What do you do with three days off work when you’re living by Ayers Rock (Uluru, or just the Rock) in the middle of nowhere Australia? You drive four hours down a big long road and find Kings Canyon. Another fantastic natural feature of Australia’s middle, and only slightly closer to any kind of civilisation than my home by the Rock was.
My friend Gareth and I rented a car, and after a delayed start, found the road to Kings. Okay, it is the only road out of Yulara, so I guess it wasn’t that hard.
In two months living in the desert, I never got sick of it. It takes your breath away every time you get a real chance to see it – to see how truly vast this place is. Our first stop was Gareth suddenly pulling over on to the shoulder to see the herd of wild camels that were loitering by the side of the road. I always expected to see kangaroos around here and there are a few, but mostly we get camels by the dozen. They eventually ran off after I tried getting a little too close.
We eventually arrived and headed to the pub. Kings is a much smaller community than Yulara and we quickly identified the staff table. Gareth found a friend who had transferred from the Rock to here, so after enjoying a few we headed off to bed a bit later than intended as we wanted an early start for our hike around the canyon.
We had good intentions, but nothing ever happens as planned, especially when it’s early in the morning, so we headed off around midday. We stopped by reception to get a map and guide, and all the staff insisted that we were starting too late; the sun was at its height by now of course and the climb was going to be too hard in the heat. Thing is, we were leaving the next day and gambling on the fact that we were going to be able to get up early again would have been pretty stupid considering our failure that day.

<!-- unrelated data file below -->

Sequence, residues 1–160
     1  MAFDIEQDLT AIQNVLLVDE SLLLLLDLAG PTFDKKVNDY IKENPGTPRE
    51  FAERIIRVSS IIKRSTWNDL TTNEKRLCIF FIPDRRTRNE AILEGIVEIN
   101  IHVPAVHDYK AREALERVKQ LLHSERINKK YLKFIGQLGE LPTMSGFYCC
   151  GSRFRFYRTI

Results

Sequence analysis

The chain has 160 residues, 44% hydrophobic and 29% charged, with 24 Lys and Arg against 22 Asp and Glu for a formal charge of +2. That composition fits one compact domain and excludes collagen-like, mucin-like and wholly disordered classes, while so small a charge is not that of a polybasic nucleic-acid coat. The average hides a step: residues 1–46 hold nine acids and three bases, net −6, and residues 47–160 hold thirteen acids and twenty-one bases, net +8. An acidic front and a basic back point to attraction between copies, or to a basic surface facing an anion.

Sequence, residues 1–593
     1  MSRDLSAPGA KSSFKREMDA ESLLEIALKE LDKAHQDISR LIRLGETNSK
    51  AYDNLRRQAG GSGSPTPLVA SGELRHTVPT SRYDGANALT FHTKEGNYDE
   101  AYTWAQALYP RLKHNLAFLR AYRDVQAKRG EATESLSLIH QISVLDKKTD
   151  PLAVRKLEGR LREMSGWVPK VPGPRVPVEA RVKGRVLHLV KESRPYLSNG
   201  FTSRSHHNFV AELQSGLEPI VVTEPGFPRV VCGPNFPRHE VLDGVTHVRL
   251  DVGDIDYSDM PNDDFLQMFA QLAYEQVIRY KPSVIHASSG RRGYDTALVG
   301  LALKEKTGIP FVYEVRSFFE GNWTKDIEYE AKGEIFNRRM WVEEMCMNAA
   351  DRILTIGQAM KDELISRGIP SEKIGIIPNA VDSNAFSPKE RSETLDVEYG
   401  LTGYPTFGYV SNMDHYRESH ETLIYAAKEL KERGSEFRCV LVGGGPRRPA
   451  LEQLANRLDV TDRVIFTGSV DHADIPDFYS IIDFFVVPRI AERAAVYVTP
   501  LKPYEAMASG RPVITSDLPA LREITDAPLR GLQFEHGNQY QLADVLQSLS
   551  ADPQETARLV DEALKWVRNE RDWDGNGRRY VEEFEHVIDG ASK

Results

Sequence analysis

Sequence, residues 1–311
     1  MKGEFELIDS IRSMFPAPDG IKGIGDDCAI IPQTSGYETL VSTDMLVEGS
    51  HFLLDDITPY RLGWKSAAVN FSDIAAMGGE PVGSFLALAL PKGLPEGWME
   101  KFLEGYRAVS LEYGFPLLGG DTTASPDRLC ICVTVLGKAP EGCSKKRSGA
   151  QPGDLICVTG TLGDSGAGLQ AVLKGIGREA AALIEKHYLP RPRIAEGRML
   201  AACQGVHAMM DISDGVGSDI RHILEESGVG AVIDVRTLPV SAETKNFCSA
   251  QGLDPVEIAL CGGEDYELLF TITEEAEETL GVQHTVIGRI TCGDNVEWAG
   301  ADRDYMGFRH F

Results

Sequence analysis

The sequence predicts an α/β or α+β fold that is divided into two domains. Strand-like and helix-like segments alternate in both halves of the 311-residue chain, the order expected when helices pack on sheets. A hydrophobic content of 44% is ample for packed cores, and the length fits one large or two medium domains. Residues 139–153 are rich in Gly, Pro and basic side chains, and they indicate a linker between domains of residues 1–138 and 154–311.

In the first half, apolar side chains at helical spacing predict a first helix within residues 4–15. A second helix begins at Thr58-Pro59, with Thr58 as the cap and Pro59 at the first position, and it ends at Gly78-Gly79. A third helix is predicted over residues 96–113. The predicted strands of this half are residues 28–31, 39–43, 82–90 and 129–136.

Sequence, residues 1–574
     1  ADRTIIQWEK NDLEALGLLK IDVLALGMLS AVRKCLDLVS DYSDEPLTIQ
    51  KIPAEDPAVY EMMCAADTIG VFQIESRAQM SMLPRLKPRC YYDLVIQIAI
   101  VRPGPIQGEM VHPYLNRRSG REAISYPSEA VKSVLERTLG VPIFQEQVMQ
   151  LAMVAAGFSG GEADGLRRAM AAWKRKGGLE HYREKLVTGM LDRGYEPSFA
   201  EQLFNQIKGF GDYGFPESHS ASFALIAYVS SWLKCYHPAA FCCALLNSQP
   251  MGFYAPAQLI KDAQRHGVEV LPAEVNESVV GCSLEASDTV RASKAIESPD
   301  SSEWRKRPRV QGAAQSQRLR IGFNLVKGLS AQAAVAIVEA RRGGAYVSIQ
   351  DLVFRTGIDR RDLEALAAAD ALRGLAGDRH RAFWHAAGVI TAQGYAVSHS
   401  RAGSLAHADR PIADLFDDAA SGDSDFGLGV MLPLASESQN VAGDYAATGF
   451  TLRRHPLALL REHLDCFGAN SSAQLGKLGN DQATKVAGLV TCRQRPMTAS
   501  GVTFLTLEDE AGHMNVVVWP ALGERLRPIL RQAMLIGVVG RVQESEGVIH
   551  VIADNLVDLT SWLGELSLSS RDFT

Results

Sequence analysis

After thinking about it, we decided to go for it anyway and just load up on water. The hardest part about the Kings Canyon climb is the very beginning. Before you get anywhere, the first thing you have to do is get up to the top, since the walk starts in the valley. No easy staircase here – this was Heartbreak Hill. After being appalled at my own fitness level, we made it to the top eventually. The walk around the rim is stunning. Simply stunning. Unlike the Rock, Kings isn’t a sacred site for the Aboriginal tribes around here, so there’s no controversy connected with walking around. Climbing around the edge, and sitting on a ledge hundreds of feet above the ground – unreal. If I’m honest, while I love the Rock, the scenery you get on the Kings rim walk is far superior – it is NOT worth missing if you head to the middle. We checked out the domes, created naturally over years by erosion, and sat by the water in the Garden of Eden. I can’t emphasize enough how fantastic the hike was; we were definitely pleased to have decided to go for it. Especially the next morning…
We woke up the next day to rain. It rarely rains in the Outback (it is a desert…) but when it does, it really does. It poured. I was the lucky driver, so I had to navigate roads that were completely flooded since the ground here hardly absorbs anything. A small comfort was the fact that even if I hydro-planed off the road, there wasn’t exactly much in the way for me to hit. I didn’t though. I did have to drive off road around a herd of cows that didn’t feel like moving however.
We stopped at Curtin Springs on the way there and back – a huge cattle station with a tiny pub and guesthouse that owns another fantastic wonder – Mount Connor. The Rock has become famous because of its historical significance to the Aboriginal people, but the fact is that just about everything else around here is far more impressive, visually. The Olgas, Kings Canyon and Mount Connor are all a lot more fantastic. Sorry to disappoint if you all thought that Ayers Rock was the greatest thing around these parts. Not the case. Kings Canyon flooded that day and closed down.